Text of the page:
Once, our face was our own. Several recent stories highlight the fact that this is no longer the case, and regulation is so far behind technology that almost anything goes.
CCTV has been with us for decades, and it has now become so ubiquitous in some localities, with cameras dotting power poles and building facades, that the traditional doorway signs announcing CCTV surveillance are now largely meaningless. When identifying a face needed a human operator, the cost of scanning footage to find a person was prohibitive for most purposes beyond criminal investigation. That has all changed with advances in facial recognition software. Big Brother, in many locations, can track your daily movements by simply providing an image of you to the software.
The ability of social media operators, such as Facebook, to automatically recognize and tag images and add them, without explicit permission, to any location where the operator's software "thinks" they may be of interest and to sell the resulting intelligence wherever they please, is governed mostly by commercial and reputational concerns rather than by government regulation or human rights considerations.
Retailers can harness existing CCTV to spot prime customers or known shoplifters and treat them with due attention or to map customer travel around the store and precinct. Extending the use of face recognition in retail environments beyond these kinds of applications runs the risk of "creepy" retailer behavior and raises similar ethical concerns to social media image exploitation.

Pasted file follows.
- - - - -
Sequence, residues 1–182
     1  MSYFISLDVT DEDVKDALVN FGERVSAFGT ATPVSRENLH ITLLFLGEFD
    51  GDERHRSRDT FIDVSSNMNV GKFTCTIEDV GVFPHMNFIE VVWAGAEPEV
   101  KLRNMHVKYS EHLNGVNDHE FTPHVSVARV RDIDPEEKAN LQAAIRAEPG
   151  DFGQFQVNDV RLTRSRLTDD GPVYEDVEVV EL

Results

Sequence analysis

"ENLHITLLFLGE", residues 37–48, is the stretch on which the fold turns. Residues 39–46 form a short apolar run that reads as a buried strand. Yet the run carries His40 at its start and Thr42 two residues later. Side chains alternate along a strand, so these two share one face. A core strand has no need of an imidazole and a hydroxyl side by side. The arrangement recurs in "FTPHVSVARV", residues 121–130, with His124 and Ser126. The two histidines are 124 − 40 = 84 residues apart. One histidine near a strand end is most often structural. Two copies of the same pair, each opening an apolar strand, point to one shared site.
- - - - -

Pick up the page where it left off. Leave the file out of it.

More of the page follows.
Movie directors regularly replace stand-in and stuntpeople's faces with those of actors. It is also possible to seamlessly put words into another person's mouth by combining the voice track from one video onto the image from another. The result, called a deepfake when used for nefarious purposes, is a video with one person's face speaking another's words. As the technology improves, deepfakes are becoming increasingly difficult to detect.
This Big Brother is anyone who has access to CCTV footage, video, or images: governments and law enforcement, social media companies, and store owners. The information can be, and is, traded and reused relatively freely in a market worth $76bn in the US alone, according to the Democratic think tank Future Majority.
GDPR has made a good start by starting with the proposition that all my data belongs to me, and others can only keep or use it with my explicit permission. Regulation needs to follow a similar path with my voice and my image.Straight Talk is a weekly briefing from the desk of the Chief Research Officer. To receive this newsletter by email, please contact us.